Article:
A letter written in the middle of the night

I know it’s late but I just realized I had to tell you something.

I’ve been healing. Here’s what I know:

The reason I’ve been on the move the last few years is to take a pilgrimage. I had done well for myself (+ built a life that I loved) in Portland but needed to leave to feel free. If you ever get that freedom itch, you must go.  Love yourself and just go.

Moving to Nashville seemed like a gradual decision at the time (the confluence of a whole series of somewhat ordinary events) but in truth, I had been bombarded with signs. Constant coincidences for more than a year. It added up to enough that I believed it meant something.

I surrendered to the coincidences. I said okay and took my hands off the wheel.

As I write this, I am struck by the enormity of that miracle. I had not believed in much for a long time. I had been hurting and insular and close to my animal self and choosing numbness. The door cracked open November 29, 2011 and I wanted to be well. I wanted to feel like the world was a safe place. Instead, I had been keeping busy – spread thin by commitments – so that I didn’t have any space to fall apart.

My brother’s case was overturned, I surrendered, and a year later I moved to Nashville, Tennessee.

Nashville brought me so much.

Chicago is deepening the work and as a result, I’ve been healing. This healing – spiritual, psychological, physical – is bringing back memory. It’s actually widened my perception of life and given me the ability to see magic.  I am more enthralled with life than I can remember ever being.

(It’s really fucking sad to have no access to memories of awe or wonder. After a while it seems so normal.)

I’m accessing memories from 2002-2008… and even earlier, which has rather painfully illuminated how much I cannot and have not remembered up until now. Nothing is very specific in that time period. To be honest, I’m not sure when it begins or ends quite yet because there’s still fog settled in the lowlands. I’m in the process of discovery; it’s like a breeze has just picked up off the coast and is making it’s way inland.  I’m hoping the fog clears. I’m hoping to see the sun again.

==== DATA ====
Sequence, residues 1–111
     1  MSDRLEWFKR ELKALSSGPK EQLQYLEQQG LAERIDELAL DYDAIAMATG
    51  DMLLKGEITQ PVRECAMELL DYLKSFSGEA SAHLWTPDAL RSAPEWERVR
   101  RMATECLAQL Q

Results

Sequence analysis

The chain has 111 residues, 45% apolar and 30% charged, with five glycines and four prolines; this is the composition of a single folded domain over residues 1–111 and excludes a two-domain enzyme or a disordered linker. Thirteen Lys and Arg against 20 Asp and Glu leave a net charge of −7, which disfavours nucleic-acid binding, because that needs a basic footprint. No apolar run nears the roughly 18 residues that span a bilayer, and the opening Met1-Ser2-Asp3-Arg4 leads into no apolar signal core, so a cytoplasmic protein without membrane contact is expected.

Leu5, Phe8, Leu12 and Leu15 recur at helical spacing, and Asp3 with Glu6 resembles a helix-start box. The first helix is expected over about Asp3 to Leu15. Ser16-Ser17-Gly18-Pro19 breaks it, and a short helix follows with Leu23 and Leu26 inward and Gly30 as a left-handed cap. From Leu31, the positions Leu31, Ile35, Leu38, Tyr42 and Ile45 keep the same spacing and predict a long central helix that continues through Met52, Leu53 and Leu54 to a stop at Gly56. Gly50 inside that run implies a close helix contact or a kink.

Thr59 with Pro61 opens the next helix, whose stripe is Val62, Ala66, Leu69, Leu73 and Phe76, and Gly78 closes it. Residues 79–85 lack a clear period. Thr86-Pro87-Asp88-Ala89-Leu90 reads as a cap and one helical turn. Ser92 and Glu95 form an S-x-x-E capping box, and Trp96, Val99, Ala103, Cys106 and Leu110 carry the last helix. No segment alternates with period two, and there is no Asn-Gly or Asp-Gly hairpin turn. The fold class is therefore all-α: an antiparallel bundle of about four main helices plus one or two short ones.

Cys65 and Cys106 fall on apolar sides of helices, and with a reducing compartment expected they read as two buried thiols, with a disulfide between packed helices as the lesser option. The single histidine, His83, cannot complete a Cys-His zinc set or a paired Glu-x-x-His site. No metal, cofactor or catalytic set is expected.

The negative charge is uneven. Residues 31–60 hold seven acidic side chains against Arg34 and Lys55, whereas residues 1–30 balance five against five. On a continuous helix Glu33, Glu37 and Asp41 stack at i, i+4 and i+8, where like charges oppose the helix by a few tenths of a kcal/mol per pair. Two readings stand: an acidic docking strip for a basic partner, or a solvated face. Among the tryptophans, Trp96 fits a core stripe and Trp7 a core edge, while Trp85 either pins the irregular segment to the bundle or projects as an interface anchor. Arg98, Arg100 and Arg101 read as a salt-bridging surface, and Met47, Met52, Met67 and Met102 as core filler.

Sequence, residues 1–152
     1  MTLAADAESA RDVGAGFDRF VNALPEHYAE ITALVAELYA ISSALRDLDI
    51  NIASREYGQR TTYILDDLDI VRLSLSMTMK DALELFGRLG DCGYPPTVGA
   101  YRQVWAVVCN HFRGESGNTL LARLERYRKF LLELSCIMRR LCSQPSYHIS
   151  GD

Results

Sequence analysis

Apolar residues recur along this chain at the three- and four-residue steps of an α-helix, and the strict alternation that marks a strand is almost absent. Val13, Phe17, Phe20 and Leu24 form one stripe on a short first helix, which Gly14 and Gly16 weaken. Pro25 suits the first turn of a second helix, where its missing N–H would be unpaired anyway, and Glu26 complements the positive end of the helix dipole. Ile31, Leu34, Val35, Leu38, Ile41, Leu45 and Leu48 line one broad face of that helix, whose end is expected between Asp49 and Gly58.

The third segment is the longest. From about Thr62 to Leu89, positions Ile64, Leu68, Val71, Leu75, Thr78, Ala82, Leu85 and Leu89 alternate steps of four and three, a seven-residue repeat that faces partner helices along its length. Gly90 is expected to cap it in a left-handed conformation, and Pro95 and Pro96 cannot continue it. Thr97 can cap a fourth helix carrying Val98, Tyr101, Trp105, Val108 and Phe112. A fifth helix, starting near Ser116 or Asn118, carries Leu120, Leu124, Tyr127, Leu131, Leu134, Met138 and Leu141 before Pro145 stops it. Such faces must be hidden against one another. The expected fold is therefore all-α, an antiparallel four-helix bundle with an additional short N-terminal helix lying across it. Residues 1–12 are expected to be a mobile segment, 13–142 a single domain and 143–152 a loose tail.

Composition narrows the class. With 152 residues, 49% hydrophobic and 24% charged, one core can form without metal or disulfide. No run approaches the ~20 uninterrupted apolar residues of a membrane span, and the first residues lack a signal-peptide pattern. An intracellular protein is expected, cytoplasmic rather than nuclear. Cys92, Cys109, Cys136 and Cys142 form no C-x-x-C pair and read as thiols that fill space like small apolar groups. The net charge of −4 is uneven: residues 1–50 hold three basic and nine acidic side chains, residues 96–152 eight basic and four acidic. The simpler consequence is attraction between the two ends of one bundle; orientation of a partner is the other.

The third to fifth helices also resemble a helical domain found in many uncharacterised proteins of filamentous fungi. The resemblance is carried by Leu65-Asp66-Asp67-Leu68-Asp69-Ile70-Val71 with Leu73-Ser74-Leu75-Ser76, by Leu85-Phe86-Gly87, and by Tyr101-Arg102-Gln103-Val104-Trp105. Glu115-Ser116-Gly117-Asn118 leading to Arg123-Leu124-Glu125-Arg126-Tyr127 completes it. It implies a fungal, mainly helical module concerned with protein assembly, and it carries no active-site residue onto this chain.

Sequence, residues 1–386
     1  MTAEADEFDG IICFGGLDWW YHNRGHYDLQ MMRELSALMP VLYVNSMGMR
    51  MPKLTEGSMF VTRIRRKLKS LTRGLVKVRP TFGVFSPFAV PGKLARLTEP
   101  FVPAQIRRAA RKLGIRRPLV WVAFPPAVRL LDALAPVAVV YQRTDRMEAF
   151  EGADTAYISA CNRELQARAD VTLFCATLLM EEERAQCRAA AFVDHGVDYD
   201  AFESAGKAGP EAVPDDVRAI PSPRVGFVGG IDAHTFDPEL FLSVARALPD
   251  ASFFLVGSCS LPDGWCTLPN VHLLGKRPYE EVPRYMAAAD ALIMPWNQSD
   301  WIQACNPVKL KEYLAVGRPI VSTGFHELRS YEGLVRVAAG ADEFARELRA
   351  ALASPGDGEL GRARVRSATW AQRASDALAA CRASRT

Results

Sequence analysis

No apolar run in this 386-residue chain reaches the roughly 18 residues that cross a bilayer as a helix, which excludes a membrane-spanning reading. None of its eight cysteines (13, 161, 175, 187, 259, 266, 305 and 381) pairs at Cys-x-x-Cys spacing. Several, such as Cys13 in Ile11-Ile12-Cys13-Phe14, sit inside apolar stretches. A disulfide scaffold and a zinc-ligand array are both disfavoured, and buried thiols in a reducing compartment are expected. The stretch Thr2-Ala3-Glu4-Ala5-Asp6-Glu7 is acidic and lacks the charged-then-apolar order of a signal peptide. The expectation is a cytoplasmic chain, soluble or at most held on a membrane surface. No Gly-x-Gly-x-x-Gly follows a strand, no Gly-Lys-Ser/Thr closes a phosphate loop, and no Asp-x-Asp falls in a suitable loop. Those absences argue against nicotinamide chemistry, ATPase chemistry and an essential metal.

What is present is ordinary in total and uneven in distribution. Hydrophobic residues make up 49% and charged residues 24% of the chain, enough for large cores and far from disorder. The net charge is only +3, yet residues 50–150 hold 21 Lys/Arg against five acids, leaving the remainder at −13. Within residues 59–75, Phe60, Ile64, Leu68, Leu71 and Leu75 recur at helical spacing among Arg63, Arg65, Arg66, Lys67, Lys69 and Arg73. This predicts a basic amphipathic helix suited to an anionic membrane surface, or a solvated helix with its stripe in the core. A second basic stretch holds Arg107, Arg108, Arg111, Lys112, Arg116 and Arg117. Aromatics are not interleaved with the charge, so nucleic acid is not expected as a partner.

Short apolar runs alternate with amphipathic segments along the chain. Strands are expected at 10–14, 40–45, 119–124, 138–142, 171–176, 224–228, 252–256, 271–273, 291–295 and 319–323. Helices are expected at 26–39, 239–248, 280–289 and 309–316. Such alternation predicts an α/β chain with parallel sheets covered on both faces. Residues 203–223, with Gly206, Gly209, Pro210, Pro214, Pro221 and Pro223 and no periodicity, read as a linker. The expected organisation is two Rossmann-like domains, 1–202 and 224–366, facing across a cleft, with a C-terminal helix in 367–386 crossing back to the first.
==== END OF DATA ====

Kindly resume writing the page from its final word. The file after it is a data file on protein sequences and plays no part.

What I now know is this (and this is the real reason for my letter to you): I wanted to be open because I feel I owe you an apology. I’m sorry that I lied to you and broke your trust and was such an asshole to you. You were nothing but good and kind and fair to me and I can’t say the same for myself. I’m ashamed of myself for my negligence with your feelings. I was too broken to see myself at the time, and I didn’t see you either.  It’s not that I didn’t love you. Maybe that doesn’t make much sense to you but I just couldn’t see you anymore. I’m so sorry I went away like that. I really loved you.

And I know, yes, that we were in a mutually beneficial relationship and it is complicated from both sides … but sometimes I get these flashes of feelings or intense sense memories (sometimes in dreams) and I relive this searing pain.  It enters my chest and it’s like I can’t breathe. And I know it’s because I loved you and I wronged you and I did something against my own code of honor and decency.  So in this healing, and looking at this now in a horrifically long letter, all I can say is: there you have it. I’m really sorry for lying to you when we were teenagers. I didn’t love you any less.



Stuff taking up space

What happens after Illinois?

How will I finish the 50 States Project?

What happens after the 50 States Project?

What is the deal with my wardrobe?

Will I regret cutting my hair myself?

Will I have saved money by buying an unlimited pass instead of a 10-class pass?

What is going on in my dreaming/sleeping life?

Why am I not writing down my dreams?

Is the ACV working?

Should I try Tai Chi again?

Could I wake up in the morning and workout before work?

Would I be more apt to read if I cared more about the book I was reading right now?

Should I buy a car?

What car should I buy?

When should I buy a car?

Why is my imagination fast forwarding to fall?

Am I going to keep those shoes?


On being a mountain

Yesterday, my yoga instructor asked me to visualize a mountain.